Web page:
Frequency refers to the number of times you go to the toilet to pass urine in a day. If you need to go to the toilet very often, more than seven times a day on drinking approximately 2 litres of fluid, you may have a frequency problem
Frequency can be caused by an overactive bladder. The bladder might contract even when it doesn't need to; for example, if your bladder only has a small amount of urine in it, or may be oversensitive. This means that you feel the need to go to the toilet more often.
Frequency is often associated with urgency.
What is normal urinary frequency?
As with many things in life, everyone is different. This also applies to normal urinary frequency. For most people, normal frequency is about 6 - 7 times in a 24 hour period, yet between 4 and 10 times a day can also be normal if that person is healthy and happy with the number of times they visit the toilet.
Normal urinary frequency also depends on how much fluid you drink in a day and the types of fluid that you drink. If you are taking medication for high blood pressure for instance, your frequency may increase because of the way some medication works; for example medicines called "Diuretics". How healthy and active you are, and to some extent your age, can influence your urinary frequency.
Identifying a frequency problem
If you are concerned about your problem and it is starting to affect your day to day life make an appointment to see your doctor, continence nurse or specialist physiotherapist. A continence nurse and specialist physiotherapist are healthcare professionals who specialise in bladder and bowel problems. You can also call our specialist helpline 0845 345 0165 (24 hour answerphone) for medical advice, or call our office on 01536 533255 to find out where your nearest NHS continence clinic is.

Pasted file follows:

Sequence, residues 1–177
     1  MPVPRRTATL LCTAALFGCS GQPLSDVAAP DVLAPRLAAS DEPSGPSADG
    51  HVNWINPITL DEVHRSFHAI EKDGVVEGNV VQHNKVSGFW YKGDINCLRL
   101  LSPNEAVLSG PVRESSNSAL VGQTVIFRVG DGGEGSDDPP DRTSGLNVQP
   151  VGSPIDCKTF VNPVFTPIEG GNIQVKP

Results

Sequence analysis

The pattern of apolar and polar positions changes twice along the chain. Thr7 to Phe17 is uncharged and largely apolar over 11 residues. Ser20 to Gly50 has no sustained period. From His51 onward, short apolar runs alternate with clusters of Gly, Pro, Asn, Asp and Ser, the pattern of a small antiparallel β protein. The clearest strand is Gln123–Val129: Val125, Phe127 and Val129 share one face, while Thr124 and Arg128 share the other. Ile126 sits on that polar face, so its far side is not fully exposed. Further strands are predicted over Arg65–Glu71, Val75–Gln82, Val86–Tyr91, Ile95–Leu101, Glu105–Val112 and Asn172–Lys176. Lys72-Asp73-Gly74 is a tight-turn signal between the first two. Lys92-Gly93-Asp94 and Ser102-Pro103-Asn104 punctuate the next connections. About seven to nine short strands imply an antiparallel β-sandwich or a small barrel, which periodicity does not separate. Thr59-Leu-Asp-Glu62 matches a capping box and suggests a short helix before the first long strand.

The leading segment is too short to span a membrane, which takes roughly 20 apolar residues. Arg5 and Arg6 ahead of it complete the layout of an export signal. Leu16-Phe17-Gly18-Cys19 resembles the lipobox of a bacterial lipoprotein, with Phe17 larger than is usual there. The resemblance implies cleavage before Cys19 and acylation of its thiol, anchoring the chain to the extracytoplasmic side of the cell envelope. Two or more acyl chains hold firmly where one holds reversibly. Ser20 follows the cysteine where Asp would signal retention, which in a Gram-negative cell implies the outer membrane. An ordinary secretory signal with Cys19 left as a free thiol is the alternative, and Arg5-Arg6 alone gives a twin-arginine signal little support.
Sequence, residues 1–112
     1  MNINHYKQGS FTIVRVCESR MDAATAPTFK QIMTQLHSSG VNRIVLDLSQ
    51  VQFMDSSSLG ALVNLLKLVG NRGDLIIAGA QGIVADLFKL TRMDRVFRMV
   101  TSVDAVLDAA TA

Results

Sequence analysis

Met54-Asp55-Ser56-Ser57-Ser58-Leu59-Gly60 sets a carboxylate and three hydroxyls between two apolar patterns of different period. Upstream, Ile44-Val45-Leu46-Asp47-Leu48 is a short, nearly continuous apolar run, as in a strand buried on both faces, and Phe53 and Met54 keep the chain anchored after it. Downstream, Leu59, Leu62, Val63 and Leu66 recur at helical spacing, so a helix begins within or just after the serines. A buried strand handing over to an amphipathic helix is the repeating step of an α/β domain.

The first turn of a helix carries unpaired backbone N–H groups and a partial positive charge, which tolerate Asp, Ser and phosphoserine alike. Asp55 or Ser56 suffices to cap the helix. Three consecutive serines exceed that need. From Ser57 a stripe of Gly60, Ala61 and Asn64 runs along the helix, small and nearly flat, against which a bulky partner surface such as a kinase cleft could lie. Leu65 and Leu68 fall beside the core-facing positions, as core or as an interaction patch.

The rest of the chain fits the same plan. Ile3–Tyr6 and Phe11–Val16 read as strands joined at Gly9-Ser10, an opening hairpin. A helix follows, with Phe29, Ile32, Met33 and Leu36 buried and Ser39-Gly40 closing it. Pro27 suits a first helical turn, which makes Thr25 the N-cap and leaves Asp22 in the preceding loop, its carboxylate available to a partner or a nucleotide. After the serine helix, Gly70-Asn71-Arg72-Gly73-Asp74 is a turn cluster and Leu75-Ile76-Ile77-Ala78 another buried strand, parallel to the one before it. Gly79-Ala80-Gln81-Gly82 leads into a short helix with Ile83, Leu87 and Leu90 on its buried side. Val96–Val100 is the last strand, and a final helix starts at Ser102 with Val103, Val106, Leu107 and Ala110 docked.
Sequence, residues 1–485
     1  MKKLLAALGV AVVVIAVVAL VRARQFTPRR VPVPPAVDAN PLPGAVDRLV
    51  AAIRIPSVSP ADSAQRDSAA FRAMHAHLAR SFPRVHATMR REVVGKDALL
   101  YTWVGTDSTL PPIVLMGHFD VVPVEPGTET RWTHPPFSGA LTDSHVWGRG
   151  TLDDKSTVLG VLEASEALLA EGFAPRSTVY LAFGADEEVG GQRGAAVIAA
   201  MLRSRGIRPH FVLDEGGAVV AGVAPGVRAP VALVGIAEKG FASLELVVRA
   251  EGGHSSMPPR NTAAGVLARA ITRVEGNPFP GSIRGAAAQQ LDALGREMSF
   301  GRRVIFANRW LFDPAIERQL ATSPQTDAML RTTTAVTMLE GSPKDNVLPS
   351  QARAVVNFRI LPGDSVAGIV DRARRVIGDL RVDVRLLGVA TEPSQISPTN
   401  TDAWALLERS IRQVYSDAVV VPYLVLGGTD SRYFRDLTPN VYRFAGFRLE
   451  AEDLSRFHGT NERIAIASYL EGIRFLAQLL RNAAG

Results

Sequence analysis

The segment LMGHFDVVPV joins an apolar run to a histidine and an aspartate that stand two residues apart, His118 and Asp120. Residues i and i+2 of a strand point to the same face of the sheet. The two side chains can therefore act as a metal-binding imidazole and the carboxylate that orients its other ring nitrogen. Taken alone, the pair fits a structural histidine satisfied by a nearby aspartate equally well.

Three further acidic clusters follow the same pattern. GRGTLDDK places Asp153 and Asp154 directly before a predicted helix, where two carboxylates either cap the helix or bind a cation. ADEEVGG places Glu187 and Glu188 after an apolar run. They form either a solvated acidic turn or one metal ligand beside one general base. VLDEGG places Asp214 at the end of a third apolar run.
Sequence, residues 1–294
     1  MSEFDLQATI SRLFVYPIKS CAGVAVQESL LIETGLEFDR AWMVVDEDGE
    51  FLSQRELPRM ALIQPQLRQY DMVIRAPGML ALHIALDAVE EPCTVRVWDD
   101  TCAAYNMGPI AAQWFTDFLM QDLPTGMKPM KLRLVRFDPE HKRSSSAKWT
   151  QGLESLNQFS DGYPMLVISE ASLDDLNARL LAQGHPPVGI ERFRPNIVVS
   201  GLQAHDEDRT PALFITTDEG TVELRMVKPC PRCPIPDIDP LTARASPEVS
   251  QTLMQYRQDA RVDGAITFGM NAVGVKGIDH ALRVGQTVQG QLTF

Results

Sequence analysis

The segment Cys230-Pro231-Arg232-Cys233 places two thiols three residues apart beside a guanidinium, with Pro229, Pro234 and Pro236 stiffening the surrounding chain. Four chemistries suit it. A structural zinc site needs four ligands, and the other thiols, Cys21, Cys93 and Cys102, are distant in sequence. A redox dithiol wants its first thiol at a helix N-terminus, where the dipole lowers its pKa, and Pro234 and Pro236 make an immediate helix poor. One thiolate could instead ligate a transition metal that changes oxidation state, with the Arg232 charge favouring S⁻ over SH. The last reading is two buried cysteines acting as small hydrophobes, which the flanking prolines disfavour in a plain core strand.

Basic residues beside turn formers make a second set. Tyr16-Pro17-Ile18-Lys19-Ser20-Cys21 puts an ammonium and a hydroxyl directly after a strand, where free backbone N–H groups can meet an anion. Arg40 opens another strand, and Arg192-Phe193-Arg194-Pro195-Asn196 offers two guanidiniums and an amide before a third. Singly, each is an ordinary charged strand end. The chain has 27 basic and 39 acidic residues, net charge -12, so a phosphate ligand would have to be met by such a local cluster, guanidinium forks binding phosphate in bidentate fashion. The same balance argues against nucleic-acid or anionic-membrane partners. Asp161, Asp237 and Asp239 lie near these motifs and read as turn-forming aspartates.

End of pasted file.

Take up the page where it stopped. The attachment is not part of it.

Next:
Once you have made an appointment, your doctor or healthcare professional will assess you. They may ask you some of the following questions:
- How often do you go to the toilet to pass urine?
- How often do you leak urine?
- When do you leak urine?
- What medication do you take?
- What do you normally eat or drink?
- Is it painful / uncomfortable when you pass urine?
- How many times do you get up at night to pass urine?
- Do you ever wet the bed?
It would be a good idea to keep a record of your bladder activity for a few days before your appointment with your doctor or healthcare professional. Keep a record for at least 3 days.
A frequency problem can interfere with day to day life enormously, and can also be the cause of embarrassment and worry, especially if you tend to lose urine if you fail to reach the toilet in time. You can find yourself living your whole life around your problem! It is not just the number of times you go to the toilet that is a problem, but also experiencing an uncomfortable feeling of needing to urinate, which prevents you from relaxing and enjoying life.
Please use the link boxes below to find out about treatment and product options to help manage frequency.Last updated: 19/11/2014